It’s becoming increasingly obvious that research contracting is an under-appreciated aspect of knowledge transfer. These demand driven contracts are a critical component of the Canadian innovation system and their importance is growing yearly.
Research contracting was worth $2 billion in 2008 and is certainly well above that level by now, accounting for more than one fifth of external research funding flowing to institutions. The largest share comes from government, but significant amounts come from industry and the non-profit sector.
Statistics Canada has collected research contracting data for years now, but it’s heavily aggregated and not of any great value for those who need to learn more about industry usage of hospital and university research expertise and infrastructure. While a new report from The Impact Group sheds more light on the industry engagement, there’s much more we need to know that the data simply do not provide.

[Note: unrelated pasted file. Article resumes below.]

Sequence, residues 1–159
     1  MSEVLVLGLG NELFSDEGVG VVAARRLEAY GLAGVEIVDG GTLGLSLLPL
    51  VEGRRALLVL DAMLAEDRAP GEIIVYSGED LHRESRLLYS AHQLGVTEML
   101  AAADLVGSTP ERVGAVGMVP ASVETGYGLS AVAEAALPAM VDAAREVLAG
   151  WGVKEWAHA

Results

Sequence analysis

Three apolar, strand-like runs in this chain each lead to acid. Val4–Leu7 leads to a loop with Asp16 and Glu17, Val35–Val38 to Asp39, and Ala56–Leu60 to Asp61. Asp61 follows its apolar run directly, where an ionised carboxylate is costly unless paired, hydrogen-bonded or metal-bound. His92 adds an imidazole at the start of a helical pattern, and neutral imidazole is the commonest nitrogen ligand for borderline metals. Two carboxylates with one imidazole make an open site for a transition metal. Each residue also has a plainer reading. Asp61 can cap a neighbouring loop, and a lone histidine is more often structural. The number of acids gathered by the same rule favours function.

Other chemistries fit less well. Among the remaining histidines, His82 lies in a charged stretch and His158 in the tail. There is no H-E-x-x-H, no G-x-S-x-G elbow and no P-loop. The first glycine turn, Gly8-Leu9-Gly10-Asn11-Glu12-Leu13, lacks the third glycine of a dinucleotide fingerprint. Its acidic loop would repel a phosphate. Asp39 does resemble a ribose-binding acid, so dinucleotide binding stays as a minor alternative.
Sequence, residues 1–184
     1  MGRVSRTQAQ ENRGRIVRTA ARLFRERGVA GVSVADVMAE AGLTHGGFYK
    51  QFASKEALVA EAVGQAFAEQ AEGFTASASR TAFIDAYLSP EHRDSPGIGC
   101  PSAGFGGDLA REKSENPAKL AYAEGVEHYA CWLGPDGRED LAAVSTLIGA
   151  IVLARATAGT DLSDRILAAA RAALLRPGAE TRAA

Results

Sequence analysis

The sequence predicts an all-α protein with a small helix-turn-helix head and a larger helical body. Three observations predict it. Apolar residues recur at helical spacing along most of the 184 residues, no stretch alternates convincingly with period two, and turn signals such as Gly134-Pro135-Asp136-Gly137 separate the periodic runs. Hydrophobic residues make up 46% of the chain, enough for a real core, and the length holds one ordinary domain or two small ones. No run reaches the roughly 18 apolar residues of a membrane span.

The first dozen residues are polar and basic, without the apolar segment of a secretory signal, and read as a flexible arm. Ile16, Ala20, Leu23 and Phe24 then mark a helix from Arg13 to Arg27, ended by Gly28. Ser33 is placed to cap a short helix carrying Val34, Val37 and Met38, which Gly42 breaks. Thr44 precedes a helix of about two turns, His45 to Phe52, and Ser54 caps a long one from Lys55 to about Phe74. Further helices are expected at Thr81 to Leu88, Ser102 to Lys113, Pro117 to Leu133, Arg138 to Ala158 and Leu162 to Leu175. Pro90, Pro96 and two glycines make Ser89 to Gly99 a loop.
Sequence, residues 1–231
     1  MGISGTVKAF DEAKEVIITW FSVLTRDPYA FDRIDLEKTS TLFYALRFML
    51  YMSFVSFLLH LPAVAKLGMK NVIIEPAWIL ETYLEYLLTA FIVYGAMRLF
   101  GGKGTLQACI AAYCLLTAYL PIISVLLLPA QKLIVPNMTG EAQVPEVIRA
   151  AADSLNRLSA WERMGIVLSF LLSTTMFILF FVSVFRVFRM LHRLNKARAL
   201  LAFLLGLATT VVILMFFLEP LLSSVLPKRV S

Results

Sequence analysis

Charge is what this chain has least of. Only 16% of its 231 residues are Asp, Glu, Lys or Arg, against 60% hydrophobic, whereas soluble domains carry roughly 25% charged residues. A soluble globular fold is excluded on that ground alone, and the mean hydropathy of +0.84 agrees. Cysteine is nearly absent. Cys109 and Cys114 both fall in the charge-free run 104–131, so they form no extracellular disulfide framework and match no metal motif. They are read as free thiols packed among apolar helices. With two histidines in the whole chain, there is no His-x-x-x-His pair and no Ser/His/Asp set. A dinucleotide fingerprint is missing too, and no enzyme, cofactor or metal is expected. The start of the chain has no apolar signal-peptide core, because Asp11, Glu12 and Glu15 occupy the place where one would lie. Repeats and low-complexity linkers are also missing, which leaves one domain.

For StatsCan to gain greater insight into research contracting, there would have to be a much higher level of detail provided by post-secondary institutions. But data generation costs money and institutions are not able or prepared to make the financial commitment unless they are compelled to.
That’s certainly not going to happen in the short term, particularly after the controversy stemming from the cancellation of the long-form census. In the meantime, the new report provides the most comprehensive picture yet of this important aspect of S&T.